multi-speed furnace blower motor

Neon John wrote:


<snip>
You sound like some bully in the school yard that resorts to name-calling when someone disagrees with them. Real mature. Point is you won't take my word for it, so I simply asked that some other experts, with much more experience than you join in the conversation.
It's obvious that *you* are the one that is afraid of real experts, as you keep dropping the alt.engineering.electrical group from the discussion. Why is that John, afraid someone there might actually know more about the subject than you?? Not to worry, I added it back for you. I've posted there many times over the years and found some very knowledgable folks there (but of course it has a few crackpots as well). My experience with rotating machinery has been well received there, why don't you go read some and learn some.
Going to experts to solve a disagreement isn't 'running off like a coward', it's the smart and mature thing to do. Trying to make it look like the act of a coward is pretty childish.
If you read Don's reply you'll see that his position seems somewhere in between ours. He points out that some loads like fans have a rapid drop in their power requirements at slow speeds and so the load on the motor could drop fast enough at slow speeds to avoid damage to the motor. So for some things, Don thinks a suitably rated dimmer would be okay for variable speed control. But he also doesn't think it would be appropriate for a furnace blower.

As if your ten minute video would 'prove' anything. Just grandstanding in front of your admirers??
Temperature rise in the motor is not something you can measure with a thermocouple attached on the outside, or even on the winding. It's internal to the slot where the heat has the hardest time being conducted away from the source. Large motors often have temperature detectors embedded in the winding during manufacture. Motors that are 'internally protected' often have the protective device embedded as well. You going to take your motor and unwind it to put a detector in the proper place? Better not, you probably wouldn't know how to re-wind it again.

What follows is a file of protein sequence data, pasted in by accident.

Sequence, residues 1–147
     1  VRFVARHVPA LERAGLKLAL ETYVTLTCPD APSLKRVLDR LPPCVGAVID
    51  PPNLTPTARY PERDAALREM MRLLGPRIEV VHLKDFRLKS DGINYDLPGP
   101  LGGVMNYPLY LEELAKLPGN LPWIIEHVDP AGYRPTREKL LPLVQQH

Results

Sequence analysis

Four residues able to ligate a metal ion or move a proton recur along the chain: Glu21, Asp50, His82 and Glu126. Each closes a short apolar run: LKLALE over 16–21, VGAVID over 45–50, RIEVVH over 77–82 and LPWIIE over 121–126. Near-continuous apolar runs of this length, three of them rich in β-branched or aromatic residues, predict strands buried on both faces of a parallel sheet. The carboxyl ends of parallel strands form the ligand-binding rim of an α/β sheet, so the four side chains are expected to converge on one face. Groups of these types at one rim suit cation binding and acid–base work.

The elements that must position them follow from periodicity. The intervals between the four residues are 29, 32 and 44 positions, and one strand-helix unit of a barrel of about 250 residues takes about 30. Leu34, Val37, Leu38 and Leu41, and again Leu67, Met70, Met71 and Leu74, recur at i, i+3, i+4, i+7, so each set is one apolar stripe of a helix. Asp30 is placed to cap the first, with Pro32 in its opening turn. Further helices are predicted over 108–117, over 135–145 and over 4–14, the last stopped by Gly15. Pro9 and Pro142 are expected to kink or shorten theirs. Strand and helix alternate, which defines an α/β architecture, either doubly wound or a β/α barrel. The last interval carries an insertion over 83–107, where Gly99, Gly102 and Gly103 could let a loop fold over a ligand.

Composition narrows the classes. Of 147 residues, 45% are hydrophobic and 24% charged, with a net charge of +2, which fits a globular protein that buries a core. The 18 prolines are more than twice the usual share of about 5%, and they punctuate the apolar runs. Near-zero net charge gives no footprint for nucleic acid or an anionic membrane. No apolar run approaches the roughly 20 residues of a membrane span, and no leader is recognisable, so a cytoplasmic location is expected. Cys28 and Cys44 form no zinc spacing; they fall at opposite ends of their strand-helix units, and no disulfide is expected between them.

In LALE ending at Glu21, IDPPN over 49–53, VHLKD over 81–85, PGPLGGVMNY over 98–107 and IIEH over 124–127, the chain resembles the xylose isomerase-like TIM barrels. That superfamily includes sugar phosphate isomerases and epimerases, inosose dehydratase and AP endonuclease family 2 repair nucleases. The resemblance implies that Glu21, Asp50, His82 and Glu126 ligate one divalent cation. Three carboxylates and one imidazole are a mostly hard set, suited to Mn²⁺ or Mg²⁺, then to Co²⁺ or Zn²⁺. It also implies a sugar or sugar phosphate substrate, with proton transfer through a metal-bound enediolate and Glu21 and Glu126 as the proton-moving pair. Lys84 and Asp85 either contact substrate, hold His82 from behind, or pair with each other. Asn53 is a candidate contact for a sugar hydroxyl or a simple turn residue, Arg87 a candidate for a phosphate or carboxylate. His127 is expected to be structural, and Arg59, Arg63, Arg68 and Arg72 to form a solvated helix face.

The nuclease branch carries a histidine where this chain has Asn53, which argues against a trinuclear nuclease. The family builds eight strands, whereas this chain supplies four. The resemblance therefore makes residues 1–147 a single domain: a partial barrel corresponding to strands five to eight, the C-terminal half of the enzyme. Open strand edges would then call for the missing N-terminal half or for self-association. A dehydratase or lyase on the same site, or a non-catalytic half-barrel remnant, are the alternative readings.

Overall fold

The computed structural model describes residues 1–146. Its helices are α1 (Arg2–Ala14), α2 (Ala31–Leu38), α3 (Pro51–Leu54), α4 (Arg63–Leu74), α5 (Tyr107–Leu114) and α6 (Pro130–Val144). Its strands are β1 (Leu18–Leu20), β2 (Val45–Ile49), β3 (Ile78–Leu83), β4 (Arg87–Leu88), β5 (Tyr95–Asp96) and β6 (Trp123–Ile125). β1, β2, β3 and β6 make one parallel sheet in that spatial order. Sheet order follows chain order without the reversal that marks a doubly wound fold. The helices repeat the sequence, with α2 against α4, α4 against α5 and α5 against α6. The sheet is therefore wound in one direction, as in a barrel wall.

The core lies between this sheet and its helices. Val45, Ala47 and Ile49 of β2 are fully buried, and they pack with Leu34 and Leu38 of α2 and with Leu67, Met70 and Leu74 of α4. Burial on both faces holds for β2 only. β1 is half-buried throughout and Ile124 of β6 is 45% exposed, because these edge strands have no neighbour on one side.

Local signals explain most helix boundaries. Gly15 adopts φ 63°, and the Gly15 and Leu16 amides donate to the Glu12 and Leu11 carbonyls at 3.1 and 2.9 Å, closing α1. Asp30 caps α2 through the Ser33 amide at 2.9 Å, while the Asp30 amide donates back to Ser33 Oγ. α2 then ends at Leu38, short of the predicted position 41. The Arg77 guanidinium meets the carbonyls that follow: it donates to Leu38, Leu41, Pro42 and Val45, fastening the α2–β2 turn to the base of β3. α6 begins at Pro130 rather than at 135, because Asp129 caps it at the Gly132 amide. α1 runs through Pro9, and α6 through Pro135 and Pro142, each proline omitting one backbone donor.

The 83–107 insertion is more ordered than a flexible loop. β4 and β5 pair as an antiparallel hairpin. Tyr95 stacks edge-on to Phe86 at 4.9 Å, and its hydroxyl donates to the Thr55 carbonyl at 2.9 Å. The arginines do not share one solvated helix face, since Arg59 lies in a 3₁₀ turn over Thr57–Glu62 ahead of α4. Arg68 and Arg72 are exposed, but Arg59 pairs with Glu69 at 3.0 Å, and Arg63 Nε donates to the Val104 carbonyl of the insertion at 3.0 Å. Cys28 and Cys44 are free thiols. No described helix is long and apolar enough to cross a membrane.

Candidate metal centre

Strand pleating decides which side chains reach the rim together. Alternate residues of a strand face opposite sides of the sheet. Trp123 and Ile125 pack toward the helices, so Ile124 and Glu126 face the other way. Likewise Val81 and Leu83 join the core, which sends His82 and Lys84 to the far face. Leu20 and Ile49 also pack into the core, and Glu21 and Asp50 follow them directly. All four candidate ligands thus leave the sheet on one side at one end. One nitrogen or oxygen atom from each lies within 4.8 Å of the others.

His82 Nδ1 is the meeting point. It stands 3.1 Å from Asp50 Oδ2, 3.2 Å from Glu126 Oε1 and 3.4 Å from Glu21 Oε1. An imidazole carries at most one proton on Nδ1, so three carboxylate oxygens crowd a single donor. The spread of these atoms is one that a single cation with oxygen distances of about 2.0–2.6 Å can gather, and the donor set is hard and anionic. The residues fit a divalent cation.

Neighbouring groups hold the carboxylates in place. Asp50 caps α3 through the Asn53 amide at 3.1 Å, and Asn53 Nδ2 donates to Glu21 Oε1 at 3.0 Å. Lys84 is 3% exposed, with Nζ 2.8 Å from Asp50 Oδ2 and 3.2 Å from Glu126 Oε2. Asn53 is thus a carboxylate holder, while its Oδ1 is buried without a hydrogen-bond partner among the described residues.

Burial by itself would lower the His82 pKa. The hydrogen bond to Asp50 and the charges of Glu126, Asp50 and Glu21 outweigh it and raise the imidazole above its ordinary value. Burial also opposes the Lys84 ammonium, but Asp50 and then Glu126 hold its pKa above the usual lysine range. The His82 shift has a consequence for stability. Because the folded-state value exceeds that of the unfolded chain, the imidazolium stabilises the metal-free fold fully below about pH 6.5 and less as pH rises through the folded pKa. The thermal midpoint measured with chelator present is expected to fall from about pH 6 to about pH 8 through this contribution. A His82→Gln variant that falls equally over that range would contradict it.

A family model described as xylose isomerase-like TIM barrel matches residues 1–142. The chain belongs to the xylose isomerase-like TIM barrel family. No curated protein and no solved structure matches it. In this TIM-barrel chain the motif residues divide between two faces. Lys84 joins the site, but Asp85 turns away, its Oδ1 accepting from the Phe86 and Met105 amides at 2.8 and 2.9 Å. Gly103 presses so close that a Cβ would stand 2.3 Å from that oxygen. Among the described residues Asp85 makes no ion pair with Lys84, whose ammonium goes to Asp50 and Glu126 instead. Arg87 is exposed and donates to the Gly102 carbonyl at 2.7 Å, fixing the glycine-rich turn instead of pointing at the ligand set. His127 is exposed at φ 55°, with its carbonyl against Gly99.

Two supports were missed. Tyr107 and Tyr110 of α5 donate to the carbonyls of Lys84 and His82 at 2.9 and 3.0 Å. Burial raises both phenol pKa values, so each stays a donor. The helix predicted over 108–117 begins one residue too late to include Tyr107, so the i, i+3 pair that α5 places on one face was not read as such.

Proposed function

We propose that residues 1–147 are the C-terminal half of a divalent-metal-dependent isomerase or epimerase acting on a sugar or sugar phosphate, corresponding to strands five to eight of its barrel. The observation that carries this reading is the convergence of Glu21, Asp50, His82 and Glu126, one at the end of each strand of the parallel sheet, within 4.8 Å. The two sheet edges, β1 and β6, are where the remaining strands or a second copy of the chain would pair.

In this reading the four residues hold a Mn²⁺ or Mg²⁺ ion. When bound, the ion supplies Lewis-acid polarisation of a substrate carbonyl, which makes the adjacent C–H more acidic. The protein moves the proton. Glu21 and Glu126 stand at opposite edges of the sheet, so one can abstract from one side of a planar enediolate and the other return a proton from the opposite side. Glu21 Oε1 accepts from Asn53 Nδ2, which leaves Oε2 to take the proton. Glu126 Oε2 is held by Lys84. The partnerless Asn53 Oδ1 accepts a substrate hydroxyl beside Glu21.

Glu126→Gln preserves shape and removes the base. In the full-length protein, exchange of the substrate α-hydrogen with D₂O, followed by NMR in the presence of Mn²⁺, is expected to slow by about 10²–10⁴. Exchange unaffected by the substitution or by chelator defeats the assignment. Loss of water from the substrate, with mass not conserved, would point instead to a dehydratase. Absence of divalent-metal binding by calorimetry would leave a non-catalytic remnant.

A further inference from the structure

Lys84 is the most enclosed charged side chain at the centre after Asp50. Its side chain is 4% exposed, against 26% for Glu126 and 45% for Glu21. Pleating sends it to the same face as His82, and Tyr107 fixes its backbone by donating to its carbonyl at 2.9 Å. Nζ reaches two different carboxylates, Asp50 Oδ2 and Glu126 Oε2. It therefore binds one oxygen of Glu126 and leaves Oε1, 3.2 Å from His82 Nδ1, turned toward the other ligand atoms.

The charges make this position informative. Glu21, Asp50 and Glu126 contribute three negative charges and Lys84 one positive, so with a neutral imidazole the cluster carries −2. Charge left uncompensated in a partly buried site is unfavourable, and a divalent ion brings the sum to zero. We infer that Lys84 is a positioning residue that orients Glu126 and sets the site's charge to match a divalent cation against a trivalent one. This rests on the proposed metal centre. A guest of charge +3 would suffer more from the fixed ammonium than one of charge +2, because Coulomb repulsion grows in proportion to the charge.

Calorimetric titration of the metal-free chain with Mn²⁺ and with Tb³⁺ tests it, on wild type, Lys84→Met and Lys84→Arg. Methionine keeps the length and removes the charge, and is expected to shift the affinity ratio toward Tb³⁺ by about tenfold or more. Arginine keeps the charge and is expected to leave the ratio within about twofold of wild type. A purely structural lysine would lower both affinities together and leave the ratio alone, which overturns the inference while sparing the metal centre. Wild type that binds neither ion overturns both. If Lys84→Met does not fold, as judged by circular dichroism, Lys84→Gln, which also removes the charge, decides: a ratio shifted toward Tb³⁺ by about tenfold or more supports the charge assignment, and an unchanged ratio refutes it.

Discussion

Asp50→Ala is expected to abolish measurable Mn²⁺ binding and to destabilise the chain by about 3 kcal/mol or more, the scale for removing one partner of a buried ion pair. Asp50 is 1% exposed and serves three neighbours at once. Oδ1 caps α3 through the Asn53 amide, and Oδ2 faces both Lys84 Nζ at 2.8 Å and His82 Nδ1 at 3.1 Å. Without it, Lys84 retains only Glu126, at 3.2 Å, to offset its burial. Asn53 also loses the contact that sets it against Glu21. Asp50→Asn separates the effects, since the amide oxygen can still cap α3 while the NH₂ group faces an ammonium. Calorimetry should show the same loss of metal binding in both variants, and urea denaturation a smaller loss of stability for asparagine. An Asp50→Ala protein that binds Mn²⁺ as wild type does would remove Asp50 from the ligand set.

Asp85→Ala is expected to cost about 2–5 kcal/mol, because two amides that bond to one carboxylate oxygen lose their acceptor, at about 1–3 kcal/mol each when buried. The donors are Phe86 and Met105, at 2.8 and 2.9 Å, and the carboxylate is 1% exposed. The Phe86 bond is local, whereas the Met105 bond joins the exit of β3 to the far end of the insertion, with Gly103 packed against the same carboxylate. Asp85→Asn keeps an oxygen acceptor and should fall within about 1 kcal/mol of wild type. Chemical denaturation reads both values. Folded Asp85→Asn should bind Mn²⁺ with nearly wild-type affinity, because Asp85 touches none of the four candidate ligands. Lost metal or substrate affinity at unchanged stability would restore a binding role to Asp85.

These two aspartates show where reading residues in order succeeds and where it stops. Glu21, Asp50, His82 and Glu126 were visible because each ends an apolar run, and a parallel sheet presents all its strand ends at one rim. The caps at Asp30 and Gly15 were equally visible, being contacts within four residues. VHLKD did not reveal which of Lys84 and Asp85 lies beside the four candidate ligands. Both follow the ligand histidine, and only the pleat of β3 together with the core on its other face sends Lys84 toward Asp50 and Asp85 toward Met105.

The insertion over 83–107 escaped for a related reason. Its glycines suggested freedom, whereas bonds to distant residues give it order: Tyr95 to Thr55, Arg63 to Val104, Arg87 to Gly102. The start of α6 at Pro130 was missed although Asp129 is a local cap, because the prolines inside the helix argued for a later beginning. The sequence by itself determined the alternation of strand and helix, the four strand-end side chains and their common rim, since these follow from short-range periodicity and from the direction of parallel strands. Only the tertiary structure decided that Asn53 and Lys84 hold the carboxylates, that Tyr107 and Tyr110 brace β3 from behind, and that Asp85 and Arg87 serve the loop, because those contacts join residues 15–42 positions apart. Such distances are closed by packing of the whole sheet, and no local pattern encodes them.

A mild case of overheating internally won't show up as a failure in an hour or two, or even a day. But it will shorten the life of the insulation in the slots and cause failure.

Ad hominem attack, the last resort of wannabes and losers. You don't know why I use a nym, but you see it as point to attack, so you go for it. You have no way to judge my integrity, but why not attack that too?
I haven't 'crawfished' or backtracked from you in previous arguments, yet you try to portray me as one who does. That's more a strawman tactic, but I expect about as much from you.

Ah, trying to foment some sort of 'mob mentality'. Why don't you wrap yourself in the flag and blame me for all that's wrong with the world while you're at it. A lot of petty dictators do that. It works, for a while.
Or you could just admit that you're just a tinkerer that plays around with stuff and "doesn't play well with others."
daestrom
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On Sat, 27 Sep 2008 08:50:03 -0400, "daestrom"
I started to write a fact-based rebuttal to this garbage but then I realized that I would be wasting my time. As Mom taught me, when one lays down with hogs, he comes up smelling like sh*t. The air in this thread is foul at the moment.

Really? So you think that air is a better thermal conductor than iron, eh? Fascinating.
...

But we're not talking about large motors are we? The notion of a thermal protection thermostat being embedded in the tiny slots of a furnace fan blower is hilarious. The "proper place" for the thermal sensor is strapped to the outside of the windings' end turns. Or to the end bell.

Crawfishing. Just what I expected. From this I take it that you're not willing to put your money where your mouth is. Again, what I expected.
The original poster can, of course, select whichever advice he desires. Mine, based on experience from someone with a long track record or hypothetical nonsense from an anonymous poster who hides behind a nym and has claimed in the past to be everything from a submarine driver to a nuclear reactor operator. <chuckle>.
Back to the original question. As I said in my original post, SCR control would not be my first choice in this particular application. There is little need to vary the fan speed once you select one that you like so a multi-tap motor or fixed series impedance (capacitive, inductive or even resistive - you are heating, after all) would do. OTOH, an SCR control will let you pick the speed you want.